By Eric Johnson
July 23, 2021 has been declared M. Russell Ballard Day in Utah by Gov. Spencer Cox. Ballard, 92, is the current President of the Quorum of the Twelve Apostles who was honored on July 22, 2021 at the state capitol where he was presented with the day’s designation. Source
At the ceremony, Ballard was credited with “lifelong commitment and advocacy for the Days of ’47 organization and new rodeo arena.” In addition, he was cited for supporting This Is The Place Heritage Park; encouraging native American stories to be told at the park; his “hard work” and “perseverance”; and helping to create the “Walk of Pioneer Faiths.”
Doesn’t it seem more likely that Ballard was being honored for being one of the top leaders of his 16-million member church? Some might even think this could be taken as a political “thank you” by Gov. Cox for the help he received in getting elected in 2020. While Ballard may very well be a hard worker and has certainly participated in several community projects, so have many other people who will never get a “day” named for them. Having a religious position of what has been called Utah’s state religion might actually provide privilege.
Perhaps Ballard’s biggest claim to fame is that, at the age of 57, he replaced the legendary Bruce R. McConkie as apostle in 1985 after McConkie passed away. Of course, McConkie may be one of the most recognized names of all the apostles who never became president.
Before becoming a general authority, Ballard organized and directed several businesses related to the automotive, real estate, and investment fields. In fact, he was a top-selling car salesman for his father’s dealership–Ballard Motor Company–when he left it in the early 1950s. He later returned in 1956 so he could run it. A few years later the Ford Motor Company convinced him to be the first Utah dealership to sell the Edsel, which he decided to do even though he had an inclination not to do it. It ended up costing his family a large amount of money.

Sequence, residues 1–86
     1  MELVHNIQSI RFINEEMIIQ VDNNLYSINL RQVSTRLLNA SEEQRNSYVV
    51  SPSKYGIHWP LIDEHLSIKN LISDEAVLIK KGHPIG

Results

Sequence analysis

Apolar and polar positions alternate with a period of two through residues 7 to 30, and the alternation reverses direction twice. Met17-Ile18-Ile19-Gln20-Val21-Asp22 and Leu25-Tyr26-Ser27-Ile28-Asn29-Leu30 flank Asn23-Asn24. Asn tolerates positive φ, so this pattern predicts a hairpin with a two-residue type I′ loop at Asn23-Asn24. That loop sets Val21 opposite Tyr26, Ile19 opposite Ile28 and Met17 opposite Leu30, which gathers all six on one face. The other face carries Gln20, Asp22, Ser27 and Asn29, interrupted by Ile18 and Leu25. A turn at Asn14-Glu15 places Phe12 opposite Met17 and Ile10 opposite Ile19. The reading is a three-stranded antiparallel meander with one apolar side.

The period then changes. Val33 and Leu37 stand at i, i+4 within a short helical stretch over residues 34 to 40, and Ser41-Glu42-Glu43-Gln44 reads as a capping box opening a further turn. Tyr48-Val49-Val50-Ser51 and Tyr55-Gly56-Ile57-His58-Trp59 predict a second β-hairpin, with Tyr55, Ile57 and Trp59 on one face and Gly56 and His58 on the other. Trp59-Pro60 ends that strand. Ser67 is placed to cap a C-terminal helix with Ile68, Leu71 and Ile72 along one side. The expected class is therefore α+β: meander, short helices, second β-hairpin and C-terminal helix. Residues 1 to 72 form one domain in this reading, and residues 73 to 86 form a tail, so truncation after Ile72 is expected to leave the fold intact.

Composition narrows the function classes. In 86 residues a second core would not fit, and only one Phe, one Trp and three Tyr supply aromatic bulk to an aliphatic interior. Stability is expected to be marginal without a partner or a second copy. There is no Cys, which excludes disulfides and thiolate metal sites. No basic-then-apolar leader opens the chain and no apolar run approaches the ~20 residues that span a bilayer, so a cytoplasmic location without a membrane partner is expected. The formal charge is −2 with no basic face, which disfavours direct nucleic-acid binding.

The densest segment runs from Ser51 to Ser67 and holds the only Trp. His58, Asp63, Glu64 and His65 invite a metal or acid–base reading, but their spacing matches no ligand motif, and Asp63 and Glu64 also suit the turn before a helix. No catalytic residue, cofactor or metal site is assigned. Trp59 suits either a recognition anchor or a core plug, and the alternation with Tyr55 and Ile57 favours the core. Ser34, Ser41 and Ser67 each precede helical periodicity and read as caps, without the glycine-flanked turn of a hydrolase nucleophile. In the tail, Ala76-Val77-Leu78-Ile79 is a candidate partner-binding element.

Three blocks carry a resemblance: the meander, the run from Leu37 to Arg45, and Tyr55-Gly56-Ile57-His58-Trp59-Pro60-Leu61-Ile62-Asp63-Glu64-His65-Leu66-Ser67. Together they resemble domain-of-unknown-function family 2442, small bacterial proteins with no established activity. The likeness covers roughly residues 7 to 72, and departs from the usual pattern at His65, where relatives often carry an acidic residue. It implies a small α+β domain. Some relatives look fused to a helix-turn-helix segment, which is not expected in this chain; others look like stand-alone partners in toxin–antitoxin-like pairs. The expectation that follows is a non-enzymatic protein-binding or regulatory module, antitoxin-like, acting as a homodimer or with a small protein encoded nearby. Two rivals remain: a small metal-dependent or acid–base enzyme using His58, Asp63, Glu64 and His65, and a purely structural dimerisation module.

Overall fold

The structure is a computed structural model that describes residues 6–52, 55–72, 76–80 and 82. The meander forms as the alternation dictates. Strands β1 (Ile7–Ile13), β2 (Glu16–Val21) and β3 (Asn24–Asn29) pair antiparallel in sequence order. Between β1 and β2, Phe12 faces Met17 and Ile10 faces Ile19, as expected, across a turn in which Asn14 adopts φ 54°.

Ballard first entered church work as a Mormon missionary to England from 1948-1950. Later he was a counselor to a mission president, twice held the office of bishop, and was the head of the Canada Toronto Mission while he was a Seventy. Ballard’s pedigree in LDS leadership is direct, as he was related to Apostle Melvin Joseph Ballard (1873-1939), Apostle Hyrum Mack Smith (1872-1918), and Hyrum Smith, the brother of Mormonism’s founder Joseph Smith. This tracing of roots to prominent members of the church is very common for many LDS general authorities.